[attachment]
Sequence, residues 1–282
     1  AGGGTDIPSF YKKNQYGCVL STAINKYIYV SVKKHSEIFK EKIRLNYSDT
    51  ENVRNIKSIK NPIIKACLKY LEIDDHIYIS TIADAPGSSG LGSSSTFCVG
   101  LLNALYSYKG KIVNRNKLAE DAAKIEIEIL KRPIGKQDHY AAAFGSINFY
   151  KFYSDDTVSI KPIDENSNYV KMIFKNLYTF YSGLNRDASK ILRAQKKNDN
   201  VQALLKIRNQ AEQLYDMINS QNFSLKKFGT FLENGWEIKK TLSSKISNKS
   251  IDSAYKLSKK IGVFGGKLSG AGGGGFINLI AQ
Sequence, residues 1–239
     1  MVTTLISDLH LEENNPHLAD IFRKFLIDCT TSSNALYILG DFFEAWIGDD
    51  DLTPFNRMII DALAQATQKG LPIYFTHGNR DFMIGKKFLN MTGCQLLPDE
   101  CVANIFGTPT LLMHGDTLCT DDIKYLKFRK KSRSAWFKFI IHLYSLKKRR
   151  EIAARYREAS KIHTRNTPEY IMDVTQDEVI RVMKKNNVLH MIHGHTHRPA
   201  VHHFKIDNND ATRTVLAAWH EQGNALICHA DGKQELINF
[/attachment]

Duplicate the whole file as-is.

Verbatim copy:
Sequence, residues 1–282
     1  AGGGTDIPSF YKKNQYGCVL STAINKYIYV SVKKHSEIFK EKIRLNYSDT
    51  ENVRNIKSIK NPIIKACLKY LEIDDHIYIS TIADAPGSSG LGSSSTFCVG
   101  LLNALYSYKG KIVNRNKLAE DAAKIEIEIL KRPIGKQDHY AAAFGSINFY
   151  KFYSDDTVSI KPIDENSNYV KMIFKNLYTF YSGLNRDASK ILRAQKKNDN
   201  VQALLKIRNQ AEQLYDMINS QNFSLKKFGT FLENGWEIKK TLSSKISNKS
   251  IDSAYKLSKK IGVFGGKLSG AGGGGFINLI AQ
Sequence, residues 1–239
     1  MVTTLISDLH LEENNPHLAD IFRKFLIDCT TSSNALYILG DFFEAWIGDD
    51  DLTPFNRMII DALAQATQKG LPIYFTHGNR DFMIGKKFLN MTGCQLLPDE
   101  CVANIFGTPT LLMHGDTLCT DDIKYLKFRK KSRSAWFKFI IHLYSLKKRR
   151  EIAARYREAS KIHTRNTPEY IMDVTQDEVI RVMKKNNVLH MIHGHTHRPA
   201  VHHFKIDNND ATRTVLAAWH EQGNALICHA DGKQELINF